Assistant Professor

Curriculum vitae

Department of Obstetrics and Gynecology

Department of Health Research Methods, Evidence and Impact

McMaster University
1280 Main St. West,
HSC3V - 43B
Hamilton, Ontario ​L8S 4K1

Pregnancy in Thalassemia Patients and Their Partners in a Canadian Population.

Journal article

A. Apostoli, Amanda Cipolla, Maureen Kinghorn, J. Kaufman, G. Muraca, N. Olivieri

Semantic Scholar DOI


APA   Click to copy
Apostoli, A., Cipolla, A., Kinghorn, M., Kaufman, J., Muraca, G., & Olivieri, N. (2005). Pregnancy in Thalassemia Patients and Their Partners in a Canadian Population.

Chicago/Turabian   Click to copy
Apostoli, A., Amanda Cipolla, Maureen Kinghorn, J. Kaufman, G. Muraca, and N. Olivieri. “Pregnancy in Thalassemia Patients and Their Partners in a Canadian Population.” (2005).

MLA   Click to copy
Apostoli, A., et al. Pregnancy in Thalassemia Patients and Their Partners in a Canadian Population. 2005.

BibTeX   Click to copy

  title = {Pregnancy in Thalassemia Patients and Their Partners in a Canadian Population.},
  year = {2005},
  author = {Apostoli, A. and Cipolla, Amanda and Kinghorn, Maureen and Kaufman, J. and Muraca, G. and Olivieri, N.}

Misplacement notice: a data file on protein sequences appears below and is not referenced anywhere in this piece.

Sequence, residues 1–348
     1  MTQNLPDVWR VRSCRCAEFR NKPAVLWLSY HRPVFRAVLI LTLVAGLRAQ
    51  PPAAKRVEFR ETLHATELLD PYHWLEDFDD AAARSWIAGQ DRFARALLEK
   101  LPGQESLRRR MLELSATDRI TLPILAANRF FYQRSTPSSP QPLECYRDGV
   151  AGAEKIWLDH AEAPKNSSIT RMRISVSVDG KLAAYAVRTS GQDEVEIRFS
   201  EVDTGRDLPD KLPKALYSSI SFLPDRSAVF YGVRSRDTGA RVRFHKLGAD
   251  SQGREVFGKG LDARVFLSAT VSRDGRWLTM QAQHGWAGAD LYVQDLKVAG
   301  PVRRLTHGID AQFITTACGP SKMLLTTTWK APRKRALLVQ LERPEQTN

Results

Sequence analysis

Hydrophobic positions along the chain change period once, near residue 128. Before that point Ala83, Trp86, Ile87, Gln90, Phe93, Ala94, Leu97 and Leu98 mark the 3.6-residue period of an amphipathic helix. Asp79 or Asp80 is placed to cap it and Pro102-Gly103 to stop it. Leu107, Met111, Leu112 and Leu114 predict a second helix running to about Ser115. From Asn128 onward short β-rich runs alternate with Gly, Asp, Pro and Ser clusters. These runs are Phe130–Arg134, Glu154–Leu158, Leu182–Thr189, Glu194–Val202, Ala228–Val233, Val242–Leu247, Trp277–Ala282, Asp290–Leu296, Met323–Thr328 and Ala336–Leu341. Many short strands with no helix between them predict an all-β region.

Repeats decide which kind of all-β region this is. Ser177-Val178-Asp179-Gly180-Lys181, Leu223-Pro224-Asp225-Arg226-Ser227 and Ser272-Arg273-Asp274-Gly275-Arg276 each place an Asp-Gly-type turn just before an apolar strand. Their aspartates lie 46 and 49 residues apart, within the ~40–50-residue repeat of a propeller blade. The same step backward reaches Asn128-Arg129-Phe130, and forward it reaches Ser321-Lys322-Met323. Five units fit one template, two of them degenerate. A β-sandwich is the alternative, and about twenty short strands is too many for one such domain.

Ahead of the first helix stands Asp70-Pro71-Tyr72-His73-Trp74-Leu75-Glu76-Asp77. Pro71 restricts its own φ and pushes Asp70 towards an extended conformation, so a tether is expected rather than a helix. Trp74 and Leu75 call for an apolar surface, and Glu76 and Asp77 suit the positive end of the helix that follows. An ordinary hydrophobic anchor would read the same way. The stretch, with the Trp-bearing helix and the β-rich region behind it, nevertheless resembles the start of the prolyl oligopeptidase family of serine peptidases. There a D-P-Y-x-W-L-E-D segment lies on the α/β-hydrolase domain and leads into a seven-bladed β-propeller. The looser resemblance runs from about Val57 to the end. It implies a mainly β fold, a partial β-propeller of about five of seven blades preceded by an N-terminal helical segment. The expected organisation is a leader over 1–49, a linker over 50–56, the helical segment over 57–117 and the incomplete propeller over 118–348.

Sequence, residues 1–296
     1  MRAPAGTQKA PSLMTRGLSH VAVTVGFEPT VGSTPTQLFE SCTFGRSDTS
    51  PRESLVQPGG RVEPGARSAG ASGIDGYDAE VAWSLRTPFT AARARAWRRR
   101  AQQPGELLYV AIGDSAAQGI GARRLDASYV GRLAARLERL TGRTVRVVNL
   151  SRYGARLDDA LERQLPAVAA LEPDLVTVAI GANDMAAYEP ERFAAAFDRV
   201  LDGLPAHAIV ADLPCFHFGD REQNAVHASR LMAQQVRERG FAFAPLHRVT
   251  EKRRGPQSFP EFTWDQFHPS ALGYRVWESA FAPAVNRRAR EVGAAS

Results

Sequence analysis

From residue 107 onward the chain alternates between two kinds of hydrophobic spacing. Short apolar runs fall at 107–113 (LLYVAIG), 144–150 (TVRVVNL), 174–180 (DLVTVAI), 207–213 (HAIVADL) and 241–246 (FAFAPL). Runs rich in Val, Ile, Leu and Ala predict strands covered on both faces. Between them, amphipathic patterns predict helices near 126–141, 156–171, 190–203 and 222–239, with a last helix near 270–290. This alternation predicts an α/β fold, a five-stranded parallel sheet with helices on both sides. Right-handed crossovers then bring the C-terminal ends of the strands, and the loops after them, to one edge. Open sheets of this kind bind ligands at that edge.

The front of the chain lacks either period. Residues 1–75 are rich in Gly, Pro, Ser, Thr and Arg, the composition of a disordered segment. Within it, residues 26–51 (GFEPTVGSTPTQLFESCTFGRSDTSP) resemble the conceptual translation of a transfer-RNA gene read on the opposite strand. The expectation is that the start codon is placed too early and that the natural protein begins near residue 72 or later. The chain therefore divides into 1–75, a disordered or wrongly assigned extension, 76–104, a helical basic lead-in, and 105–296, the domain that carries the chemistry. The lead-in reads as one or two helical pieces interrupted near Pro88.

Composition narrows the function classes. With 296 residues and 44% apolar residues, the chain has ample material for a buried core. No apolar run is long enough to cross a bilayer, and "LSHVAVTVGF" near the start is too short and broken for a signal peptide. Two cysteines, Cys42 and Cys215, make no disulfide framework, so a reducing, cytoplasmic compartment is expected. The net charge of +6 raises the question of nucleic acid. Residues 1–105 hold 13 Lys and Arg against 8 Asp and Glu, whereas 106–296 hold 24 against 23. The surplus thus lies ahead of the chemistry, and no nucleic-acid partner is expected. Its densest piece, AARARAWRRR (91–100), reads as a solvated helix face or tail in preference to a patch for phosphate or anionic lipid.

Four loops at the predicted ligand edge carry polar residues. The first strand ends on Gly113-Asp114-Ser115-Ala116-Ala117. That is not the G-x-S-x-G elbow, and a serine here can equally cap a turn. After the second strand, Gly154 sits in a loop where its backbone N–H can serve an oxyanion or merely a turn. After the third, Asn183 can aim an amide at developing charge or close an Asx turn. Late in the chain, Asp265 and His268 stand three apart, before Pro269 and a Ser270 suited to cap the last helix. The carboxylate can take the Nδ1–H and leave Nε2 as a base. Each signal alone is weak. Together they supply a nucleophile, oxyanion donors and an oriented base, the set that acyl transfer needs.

Although successful pregnancy is not an uncommon outcome in patients with homozygous beta thalassemia over the last 20 years, most of these have been reported in case reports and small series, while many publications do not appear to distinguish between pregnancies in thalassemia intermedia and those in thalassemia major. For example, of the total of 150 pregnancies in women with thalassemia reported in the literature from 1984 to 2004, 74 pregnancies appear clearly to be documented in patients with thalassemia major, while in the other 76, a reportedly late onset of transfusions suggests a milder phenotype of thalassemia intermedia. We examined the records of all thalassemia patients managed at the Toronto General Hospital, Canada (n = 82 patients with thalassemia major; 23 patients with thalassemia intermedia; 7 patients with hemoglobin E thalassemia = 112 patients over 18 years, of whom 54 are female) to determine the incidence and complications of pregnancy in our population. A surprisingly high number (17) and proportion (31%) of all female thalassemia patients over age 18 years have attempted to become pregnant. A total of 14 (82% of those who attempted pregnancy) of patients (9 thalassemia major; 4 thalassemia intermedia; 1 Hemoglobin E thalassemia) successfully conceived 26 times. The maternal age at first attempt to become pregnant was 29.6 ± 4.9 (range 18–37) years; average age at delivery was 27.2 ± 4.1 (range 19–33) years. Of the 26 conceptions, 20 were carried to term; 19 live births resulted. Six abortions and one fetal death occurred. Deferoxamine was avoided in all patients during pregnancy; control of body iron was followed using hepatic iron concentration. Pre-pregnancy hepatic iron concentration, obtained 2.8 ± 1.8 (range 1–7) years prior to conception, was 9.3 ± 7.9 (range 0.9–31) mg/gram dry weight; post partum hepatic iron concentration, obtained 3 ± 3.2 (range 0.2–10) years following parturition, was 17.4 ± 9.6 (range 1.25–32.5) mg/gram dry weight. There were one reported significant worsening in cardiac function during pregnancy; diabetes (present in one woman prior to pregnancy) developed in another woman during pregnancy. Other complications occurring or worsening during pregnancy included immune thrombocytopenic purpura and post- transfusional thrombocytopenia. In 13 of the 58 men in this population, 13 (8 with thalassemia major; 4 with thalassemia intermedia and one with Hemoglobin E thalassemia) fathered 20 children at 33.5 ± 4.8 (range 24–44) years. These data report the largest North American series of pregnancy in thalassemics and their partners and while raising issues of the safety of pregnancy in thalassemic women offer encouragement to those patients managed with adequate control of body iron burden.


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